(66.1%), continental (52.1%), liberal (47.8%), transitional (33.5%) and southern European (30.2%). (The distribution of all lower quality jobs is simply the reverse of this). The regression analyses revealed that social democratic regimes have a significantly greater proportion of higher quality jobs than all other regimes (p < .05). Continental regimes have a significantly greater proportion of higher quality jobs than liberal and southern European regimes (p < .05). Liberal regimes have a significantly lower proportion of higher quality jobs than social democratic and continental regimes but a significantly higher proportion than southern European regimes (p < .05). These results are generally in keeping with the expected distribution of high and low quality jobs across institutional regimes in Europe. But against expectations, the proportion of higher quality jobs in continental and liberal regimes was not significantly different to that in transitional regimes. However, the analysis of individual job types (see Table 5) reveals that continental and liberal regimes do have a significantly higher proportion of active job types (23.1% and 16.9% respectively) than transitional regimes (6.4%). This suggests that a distinguishing feature of continental and liberal regimes in comparison to transitional regimes is a greater capacity to produce jobs of the highest quality, i.e., active jobs. The analysis of individual job types also revealed that the differences between institutional regimes for active and saturated jobs is broadly in line with expectations (see Table 5). This is particularly so for active jobs, as the total proportion in each regime is: social democratic, 28.7%, continental, 23.1%, liberal, 16.9%, southern European, 8.8%, and, transitional, 6.4%. Moreover, the proportion of active jobs between each regime is significantly different (p < .05) except for the expected non-significant difference between southern European and transitional regimes. In contrast, the pattern of differences for team-based jobs and all three low quality job types is quite different to that expected. For example, the proportion of team24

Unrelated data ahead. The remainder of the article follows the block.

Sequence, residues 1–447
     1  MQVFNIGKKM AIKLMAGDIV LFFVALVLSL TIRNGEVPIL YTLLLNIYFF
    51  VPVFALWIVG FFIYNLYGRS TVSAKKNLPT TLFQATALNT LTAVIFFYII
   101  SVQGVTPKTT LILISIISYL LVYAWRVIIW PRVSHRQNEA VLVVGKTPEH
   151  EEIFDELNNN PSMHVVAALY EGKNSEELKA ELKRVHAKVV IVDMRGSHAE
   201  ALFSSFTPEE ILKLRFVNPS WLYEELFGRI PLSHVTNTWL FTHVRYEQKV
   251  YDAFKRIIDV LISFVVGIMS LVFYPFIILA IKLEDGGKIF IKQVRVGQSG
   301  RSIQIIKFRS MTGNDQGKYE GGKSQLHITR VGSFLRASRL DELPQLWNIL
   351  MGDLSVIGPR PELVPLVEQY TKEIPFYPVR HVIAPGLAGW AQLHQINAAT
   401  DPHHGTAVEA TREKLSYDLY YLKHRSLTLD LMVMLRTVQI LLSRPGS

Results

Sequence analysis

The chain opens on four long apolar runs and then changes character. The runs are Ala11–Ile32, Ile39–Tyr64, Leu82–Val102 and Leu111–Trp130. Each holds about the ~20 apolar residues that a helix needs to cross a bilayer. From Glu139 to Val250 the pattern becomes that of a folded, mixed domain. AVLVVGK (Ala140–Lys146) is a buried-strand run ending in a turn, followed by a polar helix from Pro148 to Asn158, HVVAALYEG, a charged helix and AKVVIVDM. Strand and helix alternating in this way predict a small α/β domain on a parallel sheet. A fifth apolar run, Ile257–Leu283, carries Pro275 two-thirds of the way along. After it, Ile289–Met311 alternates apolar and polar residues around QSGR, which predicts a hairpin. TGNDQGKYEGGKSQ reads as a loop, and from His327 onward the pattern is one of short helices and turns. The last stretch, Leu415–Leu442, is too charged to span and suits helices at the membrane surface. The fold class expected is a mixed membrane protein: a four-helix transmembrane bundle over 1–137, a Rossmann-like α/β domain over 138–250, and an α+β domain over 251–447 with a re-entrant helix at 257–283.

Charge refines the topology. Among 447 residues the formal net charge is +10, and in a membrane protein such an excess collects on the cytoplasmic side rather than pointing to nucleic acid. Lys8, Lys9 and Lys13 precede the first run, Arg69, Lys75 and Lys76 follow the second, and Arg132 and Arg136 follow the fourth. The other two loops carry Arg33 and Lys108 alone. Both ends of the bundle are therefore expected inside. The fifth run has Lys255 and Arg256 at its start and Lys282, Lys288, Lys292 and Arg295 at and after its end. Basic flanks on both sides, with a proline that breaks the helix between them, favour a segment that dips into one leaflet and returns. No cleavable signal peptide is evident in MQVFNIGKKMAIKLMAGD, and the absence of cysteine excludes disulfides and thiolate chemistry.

based jobs is significantly higher in transitional regimes and there are no significant differences between other regimes (see Table 5). For high-strain jobs there are no significant differences amongst social democratic, continental and liberal regimes. A further interesting aspect of the results is that each institutional regime has distinctive features with regard to the proportion of job types. For example, social democratic regimes have high proportions of active (28.7%) and saturated jobs (24.8%) but few passive-independent jobs (7.1%), while continental regimes have high proportions of active (23.1%) and passiveindependent jobs (22.5%). Southern European regimes have particularly high proportions of passive-independent jobs (29.5%) and insecure jobs (21.9%) while transitional have high proportions of high-strain jobs (29.9%) and team-based jobs (19.1%). With regard to control variables, women are more prevalent in active, team and passiveindependent jobs and men in saturated, insecure and high-strain jobs (p < .05). Larger organisations are more likely to have active, saturated, insecure and high-strain jobs, while small organisations are more likely to have passive jobs (p < .05). Senior managers, professionals and associate professionals are more prevalent in higher quality jobs. GDP is not significantly related to the proportion of any job type.